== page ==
Meta-analysis Quantifies Fracture Risk Reduction With Calcium, Vit D

A modest reduction in risk for fracture was noted with calcium plus vitamin D supplements, but the effect on cardiovascular outcomes was unclear.

Although the effect size was modest, calcium plus vitamin D supplements reduced the risk for fracture in a meta-analysis of randomized controlled trials and post-hoc analyses. The risk for myocardial infarction (MI) and stroke among patients taking the supplements, however, remained uncertain.

“Among old people, calcium plus vitamin D supplements — at the population level — are likely to reduce fracture risk without a detectable increase in cardiovascular risk,” Tuan Nguyen, PhD, of the Garvan Institute of Medical Research and the University of Technology Sydney, Australia, said in an interview.

Dr Nguyen and fellow researchers presented their findings at the American Society for Bone and Mineral Research (ASBMR) 2016 Annual Meeting.

According to Dr Nguyen, in 2011, a re-analysis of Women’s Health Initiative data suggested that calcium supplements with or without vitamin D were associated with an increased risk for MI and stroke, but the effect sizes and P values were marginal. “It has been shown that at least 30% of findings with a P value of roughly .05 are false positives,” he said. “Subsequent meta-analyses yielded conflicting results regarding the benefit and risk of calcium and vitamin D supplements. However, previous analyses focused on either calcium alone or calcium with vitamin D.

Influenced by the late Dr Robert Heaney who thought that biologically, to have a skeletal effect, calcium and vitamin D must go together, we asked a specific question: Do calcium and vitamin D supplements reduce fracture risk and increase cardiovascular outcomes?”

The final analysis included 11 primary randomized controlled trials (n=56 569) on the efficacy of calcium plus vitamin D on fracture risk, and 7 post-hoc analyses (n=46 526) of randomized controlled trials examining the association between calcium plus vitamin D and cardiovascular disease (CVD) outcomes. With these data, researchers synthesized a Bayesian random-effects meta-analysis.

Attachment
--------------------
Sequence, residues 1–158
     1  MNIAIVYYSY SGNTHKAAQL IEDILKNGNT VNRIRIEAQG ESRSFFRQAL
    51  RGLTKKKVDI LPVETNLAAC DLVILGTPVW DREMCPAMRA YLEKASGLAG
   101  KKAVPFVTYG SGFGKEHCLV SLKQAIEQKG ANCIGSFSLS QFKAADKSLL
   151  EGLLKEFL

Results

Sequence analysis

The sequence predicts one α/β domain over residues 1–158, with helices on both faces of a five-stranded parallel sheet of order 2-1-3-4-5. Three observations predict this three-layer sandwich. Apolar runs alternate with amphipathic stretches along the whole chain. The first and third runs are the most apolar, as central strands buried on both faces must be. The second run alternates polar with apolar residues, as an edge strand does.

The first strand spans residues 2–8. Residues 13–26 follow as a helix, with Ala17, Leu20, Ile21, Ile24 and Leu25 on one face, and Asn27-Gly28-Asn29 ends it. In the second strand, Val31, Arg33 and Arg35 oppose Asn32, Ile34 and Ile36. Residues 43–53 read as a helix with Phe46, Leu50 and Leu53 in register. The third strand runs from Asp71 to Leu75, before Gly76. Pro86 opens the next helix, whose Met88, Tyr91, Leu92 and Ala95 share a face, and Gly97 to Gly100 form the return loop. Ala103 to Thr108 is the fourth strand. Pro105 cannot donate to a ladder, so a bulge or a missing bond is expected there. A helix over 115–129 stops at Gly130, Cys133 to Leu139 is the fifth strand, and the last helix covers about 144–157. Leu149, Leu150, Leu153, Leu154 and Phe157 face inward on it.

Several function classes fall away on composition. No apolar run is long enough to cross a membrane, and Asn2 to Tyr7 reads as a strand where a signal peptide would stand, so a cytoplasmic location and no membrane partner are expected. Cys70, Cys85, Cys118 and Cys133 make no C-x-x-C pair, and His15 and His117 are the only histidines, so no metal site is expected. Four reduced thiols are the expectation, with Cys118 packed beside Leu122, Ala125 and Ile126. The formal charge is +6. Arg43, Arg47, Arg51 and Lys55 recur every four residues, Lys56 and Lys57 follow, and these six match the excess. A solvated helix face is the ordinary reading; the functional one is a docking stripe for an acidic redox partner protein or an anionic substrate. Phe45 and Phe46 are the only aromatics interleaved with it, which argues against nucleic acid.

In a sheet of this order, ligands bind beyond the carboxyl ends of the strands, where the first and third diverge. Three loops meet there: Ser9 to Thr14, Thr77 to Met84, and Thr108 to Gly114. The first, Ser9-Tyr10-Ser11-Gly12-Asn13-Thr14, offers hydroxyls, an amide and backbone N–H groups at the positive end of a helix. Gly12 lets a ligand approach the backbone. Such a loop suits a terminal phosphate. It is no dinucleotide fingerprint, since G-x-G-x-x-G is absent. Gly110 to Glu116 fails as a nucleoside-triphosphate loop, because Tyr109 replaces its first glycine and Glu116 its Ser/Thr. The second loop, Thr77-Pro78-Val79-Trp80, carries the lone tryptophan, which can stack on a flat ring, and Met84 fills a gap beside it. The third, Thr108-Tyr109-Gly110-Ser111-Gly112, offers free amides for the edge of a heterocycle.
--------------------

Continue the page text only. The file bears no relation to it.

Dr Nguyen and researchers reported that calcium plus vitamin D supplements led to a 15% reduction in the risk for fragility fracture, with the probability that the supplements reduced total fracture risk by ≥10% of 0.85.

However, the evidence of calcium plus vitamin D supplements’ effect on hip fracture was unclear (relative risk [RR], 0.95; 95% CI, 0.67-1.35), which was also the case with MI or ischemic heart disease (RR, 1.09; 95% CI, 0.69-1.88). In addition, there was a reduction in the risk for stroke or cerebrovascular disease with calcium plus vitamin D supplements (RR, 0.89; 95% CI, 0.35-1.94), although the association was not clear-cut, according to the researchers.

Following adjustment for the incidence and utilities linked with each outcome, the probability of calcium plus vitamin D supplementation benefiting fracture prevention was 8.7 times higher than the likelihood of being harmed by MI or ischemic heart disease.

Dr Nguyen cautioned, however, that the effect of calcium plus vitamin D supplements on fracture risk reduction observed in the study was modest. “Even with the most optimistic belief, the existing data suggest that there is only a 53% chance that calcium plus vitamin D supplementation reduces fracture risk by 20% or more,” he said.

Disclosure: Dr Nguyen reports no relevant financial disclosures.

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  1. Frost S, Phan K, Thach T, Eisman J, Nguyen T. Abstract 1008. Calcium plus vitamin D supplementation, fracture, and cardiovascular outcomes: A Bayesian meta-analysis. Presented at: ASBMR 2016 Annual Meeting; September 16-19, 2016; Atlanta, Georgia. 

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This article originally appeared on Endocrinology Advisor